This week's newsletter provides a number of visual aids such as dictionaries, and tense charts to help with learning. The visual tense charts provide a picture for each tense to help with understanding, and a tense timeline shows all the tenses on one page. The visual dictionaries provide context for each picture with plenty of related vocabulary. There's also visual help with prepositions and finally a sheet on separable and inseparable verbs.

Visual Tense Charts 
Visual clues can really help learners understand tense usage. This resource provides a visual tense chart for each of the major uses of the 14 tenses in English... Read more

For more advanced learners, this tense timeline chart shows all the tenses on one page moving from past to future and can be a good way to review tenses by contrasting and comparing usage.

Visual Dictionaries 

Friday, July 29, 2011

Broadsided: Responses: Japan Earthquake and Tsunami 2011


Japan Earthquake and Tsunami 2011

At Broadsided, we believe that art and literature belong in our daily lives. We believe they are not just decoration, but essential communication. They inspire and they demonstrate the vitality and depth of our connection with the world.
Moved by the plight of post-tsunami Japan, Broadsided artist Yuko Adachi sent us the image "Love Heals Japan" (see right) and asked if we would help her find writing to accompany it. We were inspired by her idea, and decided to ask other Broadsided artists if they had been similarly moved and, if so, if they'd be willing to share their work.
We posted that art, and asked writers to respond. Below are the collaborations that resulted, as well as a short note from the writers and artists about this process. We hope that you will download, print, and share these with your community.
Yuko has created a high-quality giclee print of her collaboration with Hugh Martin. You can purchase it on Etsy. All proceeds will go to the relief effort in Japan.
Click each image below for the pdf; scroll down for more information about each collaboration.

Wednesday, July 13, 2011

add your 2¢ worth

What area of English do you want to work on and Why? What is your personal goal?

How would you assess your English level?

  • Listening comprehension? 
  • Speaking? 
  • Reading? 
  • Writing?
What features would like to see added?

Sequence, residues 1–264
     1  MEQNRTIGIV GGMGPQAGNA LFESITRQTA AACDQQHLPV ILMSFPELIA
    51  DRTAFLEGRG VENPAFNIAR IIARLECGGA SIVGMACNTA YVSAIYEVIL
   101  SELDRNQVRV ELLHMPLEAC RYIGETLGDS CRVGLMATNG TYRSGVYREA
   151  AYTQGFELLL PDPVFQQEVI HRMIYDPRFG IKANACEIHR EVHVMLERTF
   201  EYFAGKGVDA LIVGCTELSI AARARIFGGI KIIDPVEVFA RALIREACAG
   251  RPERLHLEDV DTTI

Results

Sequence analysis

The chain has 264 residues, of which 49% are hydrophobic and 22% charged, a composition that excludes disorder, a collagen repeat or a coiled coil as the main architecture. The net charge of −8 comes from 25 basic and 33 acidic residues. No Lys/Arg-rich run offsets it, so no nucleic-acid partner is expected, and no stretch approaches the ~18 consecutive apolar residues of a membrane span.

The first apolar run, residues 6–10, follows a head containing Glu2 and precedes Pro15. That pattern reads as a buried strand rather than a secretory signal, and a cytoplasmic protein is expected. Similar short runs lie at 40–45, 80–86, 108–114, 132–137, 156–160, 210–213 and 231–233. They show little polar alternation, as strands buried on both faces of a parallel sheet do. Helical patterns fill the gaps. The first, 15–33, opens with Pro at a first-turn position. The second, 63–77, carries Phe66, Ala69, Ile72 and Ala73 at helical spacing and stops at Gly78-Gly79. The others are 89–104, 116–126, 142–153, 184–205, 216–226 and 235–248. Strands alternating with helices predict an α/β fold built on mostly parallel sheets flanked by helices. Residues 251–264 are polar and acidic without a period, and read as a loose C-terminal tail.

• Text to Voice
  • Chat
  • Private group
  • Other
Use the comment feature to answer or add anything else. No rude language, spam or inappropriate comments please.

Monday, July 11, 2011

A Language Learning MOOC for English

I wrote about MOOCs (☜ watch the video) or Massive Open Online Courses a while back when I was taking the PLE/PLN course - a MOOC called PLENK (for Personal Learning Environments and Knowledge Networks). Remember all the PLE and PLN graphics? Back then that we could adapt the ideas here for an open online study group. Now someone is doing just that, although a class rather than a study group.

What do you think?

Read the post, think about it and let me know. Then we can start planning how to do it.

"A MOOC course structure seems to usually be centered on topics such as online learning, teaching practices (M-learning), learning about connectivisim, or other such related fields as education and e-learning. Adapting the MOOC structure for some topic not related to the field of education itself would pose some challenges considering the participants would likely not be comprised mainly of educators or even people with an affinity for Distance Education technology and innovation. As others have pointed out, the effectiveness of a MOOC structure is partially dependent on the subject matter; not all subjects lend themselves to this style of information presentation. However, some especially do. Language Learning might be ideal for this type of course design.

Since being introduced to the MOOC earlier this year, I have often thought about how a Language MOOC might play out. This post is an explanation of why I think Language Learning suits the MOOC structure"

Friday, July 08, 2011

Digital Delights for Learners

Sites for learning & developing creativity ~ many links to free and fun to use learning resources including courses, music, games, reading and study tips, subject specific pages (art, history, grammar, geography, science, music, ear training, speech accent archives), apps and much more. Follow for daily email updates.